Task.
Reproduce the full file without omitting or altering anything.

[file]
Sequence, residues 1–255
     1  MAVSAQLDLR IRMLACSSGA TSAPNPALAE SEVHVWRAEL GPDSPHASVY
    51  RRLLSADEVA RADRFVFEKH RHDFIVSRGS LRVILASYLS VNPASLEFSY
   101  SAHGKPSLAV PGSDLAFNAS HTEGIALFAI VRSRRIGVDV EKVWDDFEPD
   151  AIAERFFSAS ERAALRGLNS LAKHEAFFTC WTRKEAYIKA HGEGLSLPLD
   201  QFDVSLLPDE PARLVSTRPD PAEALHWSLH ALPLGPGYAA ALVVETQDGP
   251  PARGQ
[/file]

Sequence, residues 1–255
     1  MAVSAQLDLR IRMLACSSGA TSAPNPALAE SEVHVWRAEL GPDSPHASVY
    51  RRLLSADEVA RADRFVFEKH RHDFIVSRGS LRVILASYLS VNPASLEFSY
   101  SAHGKPSLAV PGSDLAFNAS HTEGIALFAI VRSRRIGVDV EKVWDDFEPD
   151  AIAERFFSAS ERAALRGLNS LAKHEAFFTC WTRKEAYIKA HGEGLSLPLD
   201  QFDVSLLPDE PARLVSTRPD PAEALHWSLH ALPLGPGYAA ALVVETQDGP
   251  PARGQ